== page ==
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A Guide To Boat Hull Cleaning

One of the inevitable aspects of boat ownership is boat maintenance, and one of the most crucial components of boat maintenance is proper boat hull cleaning. This means you’re going to have to get your hands a little dirty if you want to protect your investment and keep your boat in tip-top shape.


A boat’s hull is constantly exposed to the elements, both in the water and in the air. Saltwater, polluted water, and even fresh water can lead to corrosion of your boat hull if left unmaintained. By keeping your boat hull clean, not only will you have a vessel that looks sparkling clean just as it did the first day you dropped it in the water, but you will also continue to glide through the water smoothly without having scum slow you down.


The best method of boat hull cleaning around is without a doubt the Dripper Guard, which prevents boat hull stains from ever occurring, meaning you won’t even have to break out the boat hull cleaner!


 

If you haven’t ordered Dripper Guards, though, and it’s too late for you and your boat, the following is our guide to DIY boat hull cleaning to get your boat back to looking its best.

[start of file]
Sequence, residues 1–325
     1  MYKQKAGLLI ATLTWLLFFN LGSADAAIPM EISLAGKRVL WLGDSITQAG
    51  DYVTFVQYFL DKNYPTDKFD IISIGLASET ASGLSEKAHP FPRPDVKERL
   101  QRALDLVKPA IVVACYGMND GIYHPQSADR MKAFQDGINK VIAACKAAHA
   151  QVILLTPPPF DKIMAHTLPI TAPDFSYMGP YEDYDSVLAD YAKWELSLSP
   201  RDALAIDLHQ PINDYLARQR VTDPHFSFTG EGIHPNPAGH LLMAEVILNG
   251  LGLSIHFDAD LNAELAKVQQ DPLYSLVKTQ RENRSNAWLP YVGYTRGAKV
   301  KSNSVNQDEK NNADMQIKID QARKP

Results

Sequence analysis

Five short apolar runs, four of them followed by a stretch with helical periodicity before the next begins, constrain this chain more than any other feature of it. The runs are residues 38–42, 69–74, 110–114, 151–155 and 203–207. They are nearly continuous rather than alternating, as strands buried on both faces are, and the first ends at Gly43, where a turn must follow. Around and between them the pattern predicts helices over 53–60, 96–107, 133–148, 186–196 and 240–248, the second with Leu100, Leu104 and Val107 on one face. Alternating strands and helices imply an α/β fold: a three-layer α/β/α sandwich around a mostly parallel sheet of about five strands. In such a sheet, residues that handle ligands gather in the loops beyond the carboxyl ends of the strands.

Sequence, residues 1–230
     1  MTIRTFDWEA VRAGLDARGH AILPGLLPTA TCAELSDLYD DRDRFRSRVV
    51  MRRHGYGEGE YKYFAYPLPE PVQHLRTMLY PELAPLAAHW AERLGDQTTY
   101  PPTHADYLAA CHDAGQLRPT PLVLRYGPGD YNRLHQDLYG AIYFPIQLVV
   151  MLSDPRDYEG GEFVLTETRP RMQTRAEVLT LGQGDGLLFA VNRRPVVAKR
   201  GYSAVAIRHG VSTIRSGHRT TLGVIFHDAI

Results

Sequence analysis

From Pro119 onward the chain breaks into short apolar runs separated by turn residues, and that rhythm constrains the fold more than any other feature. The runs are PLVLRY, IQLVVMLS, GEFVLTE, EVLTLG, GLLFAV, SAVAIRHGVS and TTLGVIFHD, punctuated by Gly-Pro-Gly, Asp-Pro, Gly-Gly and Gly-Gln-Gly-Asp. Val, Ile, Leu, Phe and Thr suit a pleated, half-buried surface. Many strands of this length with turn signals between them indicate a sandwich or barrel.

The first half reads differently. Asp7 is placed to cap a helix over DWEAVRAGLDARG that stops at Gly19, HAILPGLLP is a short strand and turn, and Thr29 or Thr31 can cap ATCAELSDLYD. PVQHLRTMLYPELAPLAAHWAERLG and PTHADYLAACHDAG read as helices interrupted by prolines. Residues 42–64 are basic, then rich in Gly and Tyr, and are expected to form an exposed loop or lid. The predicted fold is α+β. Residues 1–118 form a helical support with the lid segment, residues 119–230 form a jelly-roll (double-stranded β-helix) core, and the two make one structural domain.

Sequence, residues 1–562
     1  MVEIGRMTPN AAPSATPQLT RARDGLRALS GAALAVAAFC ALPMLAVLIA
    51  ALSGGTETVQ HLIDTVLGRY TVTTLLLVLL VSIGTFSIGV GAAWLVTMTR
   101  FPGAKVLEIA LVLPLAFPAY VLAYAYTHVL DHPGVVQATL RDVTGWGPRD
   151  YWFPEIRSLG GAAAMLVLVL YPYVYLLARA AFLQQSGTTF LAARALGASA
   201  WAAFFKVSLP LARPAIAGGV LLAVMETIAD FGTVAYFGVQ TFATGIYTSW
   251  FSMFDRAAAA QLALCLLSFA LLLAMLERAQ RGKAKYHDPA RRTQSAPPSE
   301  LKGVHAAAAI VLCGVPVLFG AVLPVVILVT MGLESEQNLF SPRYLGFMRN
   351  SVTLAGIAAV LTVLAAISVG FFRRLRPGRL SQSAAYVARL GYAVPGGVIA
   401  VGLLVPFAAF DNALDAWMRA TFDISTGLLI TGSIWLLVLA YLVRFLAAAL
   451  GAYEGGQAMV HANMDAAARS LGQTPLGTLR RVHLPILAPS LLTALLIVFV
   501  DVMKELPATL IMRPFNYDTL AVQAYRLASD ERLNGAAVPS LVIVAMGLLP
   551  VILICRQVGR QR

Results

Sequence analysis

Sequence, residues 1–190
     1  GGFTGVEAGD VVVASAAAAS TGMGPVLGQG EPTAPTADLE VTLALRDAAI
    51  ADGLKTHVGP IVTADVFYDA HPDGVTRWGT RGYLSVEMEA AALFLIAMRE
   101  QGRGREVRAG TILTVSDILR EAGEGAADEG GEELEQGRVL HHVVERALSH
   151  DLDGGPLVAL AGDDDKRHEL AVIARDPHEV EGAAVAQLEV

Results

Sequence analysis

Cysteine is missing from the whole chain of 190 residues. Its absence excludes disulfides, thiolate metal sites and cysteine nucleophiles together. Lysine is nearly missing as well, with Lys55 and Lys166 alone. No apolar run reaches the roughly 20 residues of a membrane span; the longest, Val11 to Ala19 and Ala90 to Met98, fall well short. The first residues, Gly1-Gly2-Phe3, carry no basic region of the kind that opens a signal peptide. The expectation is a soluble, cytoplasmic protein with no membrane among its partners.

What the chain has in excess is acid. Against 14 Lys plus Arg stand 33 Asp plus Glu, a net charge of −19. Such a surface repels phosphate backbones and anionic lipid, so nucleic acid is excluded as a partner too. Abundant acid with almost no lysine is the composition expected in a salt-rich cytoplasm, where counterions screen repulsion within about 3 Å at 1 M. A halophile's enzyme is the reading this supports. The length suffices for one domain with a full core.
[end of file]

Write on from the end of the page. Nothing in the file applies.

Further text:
• Begin by rinsing the boat hull with a low-pressure stream of water to remove any loose particles — mold, algae, and built-up salt if you’re in marine waters.
  • Scrub your boat hull with a large sponge and your choice of boat cleaning solution.
    • If your boat hull has not built up too much scum or already gets cleaned on a routine basis, you may be able to use a 100-percent biodegradable boat wash. On the other hand, if your boat hull has an extensive amount of scum built up, you may have to opt for a harsher chemical alternative to thoroughly remove the solidified algae and other particles.
  • After a thorough scrub, spray the boat hull with a higher level of water pressure to remove barnacles, slime, and stuck-on weeds.
  • If mold is a growing issue, use a mold and mildew cleaner and blocker to remove any stubborn stains and prevent the recurrence of future ones. If you want to avoid harsh chemicals in your boat maintenance, you can also use a citrus-based degreaser that provides the same results as chemical-based cleaners but leaves behind a natural, fresh smell.
  • Dry your boat hull with a microfiber cloth after removing all stains to provide a final gentle, scratch-free clean.
  • If it’s been a while since your last wax, after a thorough boat hull wash is a perfect time to apply a new coat.
    • Once your boat is dry, take an old cloth or buffer, a quarter-sized amount of your preferred boat wax, and rub it in gently but thoroughly into your boat hull. Repeat this process until you have successfully coated the entire boat hull.

 


We hope this guide helps to simplify your boat hull cleaning process and get your boat looking good-as-new once again. If you truly want to make boat maintenance a breeze and avoid boat hull cleaner altogether, order your Dripper Guards online today!

 

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